Continuity of operations planning continues to be an ongoing problem.

Mayors discuss the impact of continuity of operations planning

At the forefront, residents may think that government officials know what to do in the face of the storm, but in fact, many communities do not have their own continuity of operations plan in place. Often times, the need for a strategy is understood only after a disaster has taken place, which can cost uprepared municipalities millions of dollars.

New Orleans Mayor Mitch Landrieu discussed these concerns during the Rockefeller Foundation's "Innovation Forum." When New Orleans was bouncing back from Hurricane Katrina, his decision to consolidate districts wasn't popular, but it was important to establish schools where they needed to be, not to "where they were."

He and other mayors from Columbia, Senegal and Oakland, California participated in a panel on how a customized action plan can help officials prepare themselves for location-specific problems.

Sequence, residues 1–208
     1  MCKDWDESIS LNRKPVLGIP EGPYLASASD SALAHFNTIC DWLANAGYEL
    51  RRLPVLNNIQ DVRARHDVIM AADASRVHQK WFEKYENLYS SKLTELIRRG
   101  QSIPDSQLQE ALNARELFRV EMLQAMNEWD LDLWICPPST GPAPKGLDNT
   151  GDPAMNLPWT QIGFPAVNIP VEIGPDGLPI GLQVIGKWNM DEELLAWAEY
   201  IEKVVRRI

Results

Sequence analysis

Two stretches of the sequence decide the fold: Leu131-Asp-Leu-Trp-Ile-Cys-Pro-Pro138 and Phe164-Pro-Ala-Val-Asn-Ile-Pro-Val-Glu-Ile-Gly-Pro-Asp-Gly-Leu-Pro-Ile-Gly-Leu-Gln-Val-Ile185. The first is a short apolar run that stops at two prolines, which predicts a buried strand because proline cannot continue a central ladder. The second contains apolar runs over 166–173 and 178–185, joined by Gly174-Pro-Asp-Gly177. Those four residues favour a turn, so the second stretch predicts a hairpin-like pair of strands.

"When disaster happens, you want security, you reach back to what was," Landrieu added. "But that's not always the best thing to do."

In addition to reorganized schools, the Louisiana city now has more small health care centers, allowing practitioners to be more readily available than would be the case with one central hospital.

Dakar's continuity of operations problem

Over in Dakar, Senegal, ongoing droughts have led the region's population to become more concentrated in the 32-square mile city. Mayor Khalifa Sall is working on ways to develop more jobs for these citizens and ensure that the proper facilities are available in the city.

Sall explained that the city is spending millions of dollars to develop bazaars to sell goods, as well as schools and medical centers.

How can a continuity of operations plan help

In order for residents and business owners to continue completing day-to-day tasks, the towns and cities that they live in need to be prepared for every scenario. It could be something minor like seasonal rain storm or a snow storm, or something as rare as Typhoon Haiyan — business continuity consultants can help develop a plan that enables governments to get through such events.